Tuesday, November 20, 2012

Turkey Day Travels

Our weather has been tranquil for the most part as a coastal storm spins offshore, far enough away to prevent much more than some low and mid level clouds in spots, but close enough to produce an onshore flow. Our overall tranquility is modeled across much of the country right now, with the exception of the Pacific Northwest. Washington and Oregon are dealing with a conveyor belt of moisture, with the potential for significant mountain snows and significant rain in the lower elevations as the storm track is perfectly positioned for that part of the world.

In terms of holiday weather impact, the Pacific Northwest and Northern Rockies are the areas where travel on Wednesday will have impacts thanks to a larger scale storm system.   Outside of a few showers or storms in West Texas and New Mexico, the rest of the country looks to be rather dry and tranquil for travel on Wednesday, which is one of the busiest holiday travel days for the year.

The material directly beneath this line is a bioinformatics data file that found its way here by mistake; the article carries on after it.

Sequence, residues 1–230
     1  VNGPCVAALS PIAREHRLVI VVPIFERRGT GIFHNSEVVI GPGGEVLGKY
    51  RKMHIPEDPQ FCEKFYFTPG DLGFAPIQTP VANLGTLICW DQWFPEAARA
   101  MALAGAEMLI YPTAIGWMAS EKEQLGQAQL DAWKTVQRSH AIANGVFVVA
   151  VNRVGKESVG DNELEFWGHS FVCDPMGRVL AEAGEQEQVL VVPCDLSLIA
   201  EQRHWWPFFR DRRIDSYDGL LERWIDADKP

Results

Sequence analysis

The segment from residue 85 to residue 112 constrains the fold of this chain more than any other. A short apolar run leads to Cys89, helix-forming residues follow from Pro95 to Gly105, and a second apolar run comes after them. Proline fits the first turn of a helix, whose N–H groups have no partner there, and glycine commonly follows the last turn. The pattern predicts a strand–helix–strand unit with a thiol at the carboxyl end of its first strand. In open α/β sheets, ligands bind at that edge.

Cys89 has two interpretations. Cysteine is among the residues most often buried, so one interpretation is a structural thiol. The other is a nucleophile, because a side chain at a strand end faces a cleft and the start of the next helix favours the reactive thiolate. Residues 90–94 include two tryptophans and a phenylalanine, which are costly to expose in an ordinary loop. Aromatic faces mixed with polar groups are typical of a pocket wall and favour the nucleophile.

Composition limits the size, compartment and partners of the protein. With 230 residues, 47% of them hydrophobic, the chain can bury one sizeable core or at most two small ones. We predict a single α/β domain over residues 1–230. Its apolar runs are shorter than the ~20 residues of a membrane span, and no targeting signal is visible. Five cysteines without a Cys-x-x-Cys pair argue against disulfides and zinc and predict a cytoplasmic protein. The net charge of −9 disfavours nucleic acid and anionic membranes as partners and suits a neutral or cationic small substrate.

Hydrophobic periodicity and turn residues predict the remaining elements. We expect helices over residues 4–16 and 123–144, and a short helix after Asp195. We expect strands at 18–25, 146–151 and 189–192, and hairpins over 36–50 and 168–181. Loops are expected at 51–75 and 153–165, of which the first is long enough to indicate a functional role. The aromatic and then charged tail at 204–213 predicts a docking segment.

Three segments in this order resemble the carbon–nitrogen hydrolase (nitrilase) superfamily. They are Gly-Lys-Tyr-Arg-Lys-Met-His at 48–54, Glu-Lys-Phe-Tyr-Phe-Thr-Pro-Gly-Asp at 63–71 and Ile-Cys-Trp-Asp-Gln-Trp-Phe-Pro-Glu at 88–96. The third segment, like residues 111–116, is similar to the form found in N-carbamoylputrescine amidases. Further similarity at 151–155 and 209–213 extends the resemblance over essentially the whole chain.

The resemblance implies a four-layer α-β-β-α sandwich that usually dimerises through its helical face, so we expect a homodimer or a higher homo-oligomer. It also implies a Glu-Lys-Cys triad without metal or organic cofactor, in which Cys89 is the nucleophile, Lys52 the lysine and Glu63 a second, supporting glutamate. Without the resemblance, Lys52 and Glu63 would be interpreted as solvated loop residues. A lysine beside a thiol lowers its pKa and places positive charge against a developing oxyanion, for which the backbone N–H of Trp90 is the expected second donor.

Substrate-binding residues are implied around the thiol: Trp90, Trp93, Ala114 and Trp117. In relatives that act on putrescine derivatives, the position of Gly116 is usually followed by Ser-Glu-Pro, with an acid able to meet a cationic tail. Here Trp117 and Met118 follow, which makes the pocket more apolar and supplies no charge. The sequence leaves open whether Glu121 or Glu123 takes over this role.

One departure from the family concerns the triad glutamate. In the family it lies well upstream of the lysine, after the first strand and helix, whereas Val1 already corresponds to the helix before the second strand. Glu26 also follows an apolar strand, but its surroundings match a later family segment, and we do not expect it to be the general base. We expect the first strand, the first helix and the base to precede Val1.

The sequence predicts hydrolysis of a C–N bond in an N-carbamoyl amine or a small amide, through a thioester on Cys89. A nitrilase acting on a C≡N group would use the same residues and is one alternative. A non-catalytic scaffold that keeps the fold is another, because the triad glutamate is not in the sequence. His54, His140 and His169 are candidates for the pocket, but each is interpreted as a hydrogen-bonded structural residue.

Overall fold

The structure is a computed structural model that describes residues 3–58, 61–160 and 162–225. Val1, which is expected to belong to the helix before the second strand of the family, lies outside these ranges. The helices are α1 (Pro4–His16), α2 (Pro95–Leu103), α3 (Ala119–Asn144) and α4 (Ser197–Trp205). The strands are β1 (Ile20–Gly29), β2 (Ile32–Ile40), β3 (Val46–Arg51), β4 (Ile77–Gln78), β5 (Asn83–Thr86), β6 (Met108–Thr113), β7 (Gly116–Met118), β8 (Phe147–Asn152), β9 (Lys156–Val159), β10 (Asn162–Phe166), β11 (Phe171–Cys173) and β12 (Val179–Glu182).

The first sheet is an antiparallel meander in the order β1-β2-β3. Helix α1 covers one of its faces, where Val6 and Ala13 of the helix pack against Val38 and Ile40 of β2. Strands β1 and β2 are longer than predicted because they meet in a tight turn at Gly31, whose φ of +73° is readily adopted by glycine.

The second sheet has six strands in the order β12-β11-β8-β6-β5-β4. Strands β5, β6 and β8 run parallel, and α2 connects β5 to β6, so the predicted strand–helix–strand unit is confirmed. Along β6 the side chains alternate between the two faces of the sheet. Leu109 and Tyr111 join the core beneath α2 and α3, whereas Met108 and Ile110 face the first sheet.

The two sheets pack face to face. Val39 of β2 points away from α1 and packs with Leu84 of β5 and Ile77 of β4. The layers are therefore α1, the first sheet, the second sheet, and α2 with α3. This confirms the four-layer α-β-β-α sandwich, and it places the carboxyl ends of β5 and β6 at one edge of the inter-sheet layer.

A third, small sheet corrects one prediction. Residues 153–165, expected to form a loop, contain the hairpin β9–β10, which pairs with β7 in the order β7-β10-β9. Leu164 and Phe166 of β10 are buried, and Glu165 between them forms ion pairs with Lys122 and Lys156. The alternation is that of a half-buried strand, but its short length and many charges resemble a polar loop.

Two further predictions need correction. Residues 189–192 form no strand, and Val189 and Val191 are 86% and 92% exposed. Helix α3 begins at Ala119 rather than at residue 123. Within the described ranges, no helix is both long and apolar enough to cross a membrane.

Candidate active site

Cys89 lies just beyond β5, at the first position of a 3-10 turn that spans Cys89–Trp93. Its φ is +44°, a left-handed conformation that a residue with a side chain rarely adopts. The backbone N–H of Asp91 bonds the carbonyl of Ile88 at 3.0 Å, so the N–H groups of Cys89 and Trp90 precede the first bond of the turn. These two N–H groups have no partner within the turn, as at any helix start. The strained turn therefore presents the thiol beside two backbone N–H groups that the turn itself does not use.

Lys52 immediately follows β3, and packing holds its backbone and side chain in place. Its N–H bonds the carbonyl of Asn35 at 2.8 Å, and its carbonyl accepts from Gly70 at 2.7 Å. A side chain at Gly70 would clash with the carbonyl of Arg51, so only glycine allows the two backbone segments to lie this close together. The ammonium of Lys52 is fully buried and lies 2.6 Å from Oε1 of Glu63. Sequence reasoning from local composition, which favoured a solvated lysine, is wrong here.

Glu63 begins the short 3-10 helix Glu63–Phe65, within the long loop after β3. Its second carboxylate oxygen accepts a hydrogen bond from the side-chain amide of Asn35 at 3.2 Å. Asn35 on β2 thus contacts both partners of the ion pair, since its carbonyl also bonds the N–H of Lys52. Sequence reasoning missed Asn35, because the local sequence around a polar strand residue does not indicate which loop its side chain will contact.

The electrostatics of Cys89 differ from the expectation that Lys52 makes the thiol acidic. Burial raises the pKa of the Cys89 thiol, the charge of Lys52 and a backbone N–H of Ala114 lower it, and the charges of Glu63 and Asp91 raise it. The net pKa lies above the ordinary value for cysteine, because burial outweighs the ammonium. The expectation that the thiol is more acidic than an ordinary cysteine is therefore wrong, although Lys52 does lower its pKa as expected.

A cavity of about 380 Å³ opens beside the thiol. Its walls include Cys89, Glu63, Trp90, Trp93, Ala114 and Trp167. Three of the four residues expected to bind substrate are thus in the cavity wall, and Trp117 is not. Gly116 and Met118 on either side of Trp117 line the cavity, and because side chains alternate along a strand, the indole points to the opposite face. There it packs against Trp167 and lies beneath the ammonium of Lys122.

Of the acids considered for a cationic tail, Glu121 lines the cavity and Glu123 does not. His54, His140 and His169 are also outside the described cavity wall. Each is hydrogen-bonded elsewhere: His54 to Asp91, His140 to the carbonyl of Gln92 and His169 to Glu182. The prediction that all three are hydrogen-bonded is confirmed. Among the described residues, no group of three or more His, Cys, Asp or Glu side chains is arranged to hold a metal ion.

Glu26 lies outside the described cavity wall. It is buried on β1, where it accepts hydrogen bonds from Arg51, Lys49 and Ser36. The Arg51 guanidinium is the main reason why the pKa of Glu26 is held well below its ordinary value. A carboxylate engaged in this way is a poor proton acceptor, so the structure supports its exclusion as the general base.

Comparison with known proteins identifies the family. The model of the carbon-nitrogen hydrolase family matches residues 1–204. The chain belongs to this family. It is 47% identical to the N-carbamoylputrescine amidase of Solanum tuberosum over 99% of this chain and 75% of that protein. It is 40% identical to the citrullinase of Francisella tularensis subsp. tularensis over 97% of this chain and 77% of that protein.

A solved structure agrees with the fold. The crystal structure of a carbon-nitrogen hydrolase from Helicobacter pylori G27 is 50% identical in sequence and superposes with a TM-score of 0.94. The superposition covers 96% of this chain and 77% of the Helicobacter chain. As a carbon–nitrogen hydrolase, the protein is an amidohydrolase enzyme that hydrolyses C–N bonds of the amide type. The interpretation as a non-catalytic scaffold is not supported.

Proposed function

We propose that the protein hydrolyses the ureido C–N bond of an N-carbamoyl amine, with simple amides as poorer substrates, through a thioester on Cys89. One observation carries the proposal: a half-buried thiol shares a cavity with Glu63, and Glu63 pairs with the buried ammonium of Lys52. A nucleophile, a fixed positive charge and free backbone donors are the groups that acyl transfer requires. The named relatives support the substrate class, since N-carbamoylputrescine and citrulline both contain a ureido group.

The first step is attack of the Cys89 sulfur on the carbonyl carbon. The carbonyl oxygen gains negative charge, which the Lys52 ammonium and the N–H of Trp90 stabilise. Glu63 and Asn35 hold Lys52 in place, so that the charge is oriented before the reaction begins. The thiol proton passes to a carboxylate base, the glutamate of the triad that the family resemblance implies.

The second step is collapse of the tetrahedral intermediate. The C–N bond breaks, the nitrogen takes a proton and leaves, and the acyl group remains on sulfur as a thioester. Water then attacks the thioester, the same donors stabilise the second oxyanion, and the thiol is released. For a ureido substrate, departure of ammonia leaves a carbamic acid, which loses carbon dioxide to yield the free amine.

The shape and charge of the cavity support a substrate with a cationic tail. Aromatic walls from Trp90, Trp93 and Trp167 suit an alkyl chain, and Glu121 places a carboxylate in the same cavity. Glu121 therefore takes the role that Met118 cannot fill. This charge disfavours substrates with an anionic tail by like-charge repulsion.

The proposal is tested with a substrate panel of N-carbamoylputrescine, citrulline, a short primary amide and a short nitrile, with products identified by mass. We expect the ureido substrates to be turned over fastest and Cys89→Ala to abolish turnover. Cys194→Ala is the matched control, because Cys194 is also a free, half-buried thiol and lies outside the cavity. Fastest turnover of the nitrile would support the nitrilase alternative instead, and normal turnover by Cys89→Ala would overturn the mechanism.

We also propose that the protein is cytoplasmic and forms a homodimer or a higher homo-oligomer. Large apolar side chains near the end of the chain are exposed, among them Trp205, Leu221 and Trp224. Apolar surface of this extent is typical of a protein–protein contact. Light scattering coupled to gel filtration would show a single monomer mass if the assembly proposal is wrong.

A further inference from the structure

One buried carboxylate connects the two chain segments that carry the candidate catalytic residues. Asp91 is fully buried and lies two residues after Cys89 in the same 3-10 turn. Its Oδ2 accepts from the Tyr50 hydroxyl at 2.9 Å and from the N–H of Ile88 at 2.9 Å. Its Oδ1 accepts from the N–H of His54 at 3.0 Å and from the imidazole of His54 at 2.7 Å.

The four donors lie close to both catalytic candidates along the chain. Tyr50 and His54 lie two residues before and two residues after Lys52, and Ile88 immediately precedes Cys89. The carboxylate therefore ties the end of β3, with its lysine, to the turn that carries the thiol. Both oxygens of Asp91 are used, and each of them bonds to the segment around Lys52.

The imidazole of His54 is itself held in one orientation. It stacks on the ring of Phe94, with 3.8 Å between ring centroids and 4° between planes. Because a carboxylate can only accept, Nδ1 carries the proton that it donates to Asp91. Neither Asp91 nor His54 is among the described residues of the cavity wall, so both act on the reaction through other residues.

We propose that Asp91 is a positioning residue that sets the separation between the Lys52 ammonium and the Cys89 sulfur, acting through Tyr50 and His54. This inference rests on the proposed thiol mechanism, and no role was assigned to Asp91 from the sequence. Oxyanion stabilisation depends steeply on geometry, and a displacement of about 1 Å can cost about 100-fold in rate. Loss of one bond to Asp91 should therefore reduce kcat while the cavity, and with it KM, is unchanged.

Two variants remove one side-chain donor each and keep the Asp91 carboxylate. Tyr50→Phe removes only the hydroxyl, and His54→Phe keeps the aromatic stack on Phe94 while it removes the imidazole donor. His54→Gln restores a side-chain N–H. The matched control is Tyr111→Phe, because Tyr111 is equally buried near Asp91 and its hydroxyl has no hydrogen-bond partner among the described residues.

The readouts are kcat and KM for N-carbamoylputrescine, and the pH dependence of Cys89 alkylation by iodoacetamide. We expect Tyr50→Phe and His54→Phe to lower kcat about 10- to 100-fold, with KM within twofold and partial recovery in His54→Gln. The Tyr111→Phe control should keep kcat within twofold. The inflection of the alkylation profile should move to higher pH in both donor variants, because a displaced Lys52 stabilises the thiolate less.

Shifting to Thanksgiving itself, the weather across the eastern third of the country remains dry as high pressure sits overhead.  Showers are possible out in advance of the storm system in the Northwest's advance through the country.  Those showers shouldn't be terribly widespread as the cold front pushes east.  The front itself will be pretty dry.  Snow straddles the Canadian border in Minnesota and North Dakota but the rest of the country is dry.

In short, the weather over the coming days is going to be pretty nice for the vast majority of the United States with little in the way of active weather likely.  That cold front pushes through our region on Friday night into Saturday, bringing an end to a milder stretch that we're starting to work into, with temperatures this weekend likely in the 40's for highs (as opposed to the 50's of the past couple of days and the next few).  That said, we'll still remain tranquil and dry into next week.